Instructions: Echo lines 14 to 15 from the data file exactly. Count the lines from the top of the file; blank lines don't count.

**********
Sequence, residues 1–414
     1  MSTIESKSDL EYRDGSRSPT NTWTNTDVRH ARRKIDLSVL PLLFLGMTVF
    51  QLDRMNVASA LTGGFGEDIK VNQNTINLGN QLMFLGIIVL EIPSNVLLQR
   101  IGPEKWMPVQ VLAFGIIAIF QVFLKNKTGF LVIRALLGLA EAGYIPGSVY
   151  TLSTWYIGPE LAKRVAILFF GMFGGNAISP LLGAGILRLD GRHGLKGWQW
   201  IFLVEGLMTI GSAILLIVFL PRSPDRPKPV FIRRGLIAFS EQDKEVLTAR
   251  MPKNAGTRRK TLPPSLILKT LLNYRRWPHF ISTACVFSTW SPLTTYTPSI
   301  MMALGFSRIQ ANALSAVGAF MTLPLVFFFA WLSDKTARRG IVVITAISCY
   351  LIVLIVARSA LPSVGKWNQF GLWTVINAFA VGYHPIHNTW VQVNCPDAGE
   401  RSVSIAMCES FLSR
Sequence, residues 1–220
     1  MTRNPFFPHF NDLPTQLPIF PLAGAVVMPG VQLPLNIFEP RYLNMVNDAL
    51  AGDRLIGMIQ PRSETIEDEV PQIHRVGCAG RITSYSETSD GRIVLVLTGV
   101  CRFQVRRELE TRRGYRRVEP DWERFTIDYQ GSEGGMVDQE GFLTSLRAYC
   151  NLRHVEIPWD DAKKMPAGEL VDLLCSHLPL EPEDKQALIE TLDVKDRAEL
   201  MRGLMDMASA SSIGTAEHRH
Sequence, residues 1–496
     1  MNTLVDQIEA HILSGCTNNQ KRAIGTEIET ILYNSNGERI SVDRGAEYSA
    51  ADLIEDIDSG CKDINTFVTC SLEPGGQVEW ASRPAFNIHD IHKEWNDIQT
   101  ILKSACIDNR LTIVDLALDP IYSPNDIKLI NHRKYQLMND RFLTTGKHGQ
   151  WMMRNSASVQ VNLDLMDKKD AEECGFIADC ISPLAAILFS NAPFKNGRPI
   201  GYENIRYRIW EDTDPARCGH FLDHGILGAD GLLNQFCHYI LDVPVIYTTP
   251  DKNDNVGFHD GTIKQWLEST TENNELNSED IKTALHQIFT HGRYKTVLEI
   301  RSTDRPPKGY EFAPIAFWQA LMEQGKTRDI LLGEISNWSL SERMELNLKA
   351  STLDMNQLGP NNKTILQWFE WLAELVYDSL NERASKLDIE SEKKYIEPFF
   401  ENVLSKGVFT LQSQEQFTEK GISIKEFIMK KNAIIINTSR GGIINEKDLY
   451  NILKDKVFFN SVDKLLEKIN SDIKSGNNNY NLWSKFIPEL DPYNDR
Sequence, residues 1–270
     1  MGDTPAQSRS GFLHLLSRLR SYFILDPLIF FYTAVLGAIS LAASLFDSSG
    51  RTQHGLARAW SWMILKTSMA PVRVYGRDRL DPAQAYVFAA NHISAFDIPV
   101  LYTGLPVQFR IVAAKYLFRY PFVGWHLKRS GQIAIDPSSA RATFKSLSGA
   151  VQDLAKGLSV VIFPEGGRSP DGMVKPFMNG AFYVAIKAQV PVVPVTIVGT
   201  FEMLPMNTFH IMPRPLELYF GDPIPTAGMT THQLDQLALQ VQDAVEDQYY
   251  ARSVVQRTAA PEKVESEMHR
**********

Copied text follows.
   101  CRFQVRRELE TRRGYRRVEP DWERFTIDYQ GSEGGMVDQE GFLTSLRAYC
   151  NLRHVEIPWD DAKKMPAGEL VDLLCSHLPL EPEDKQALIE TLDVKDRAEL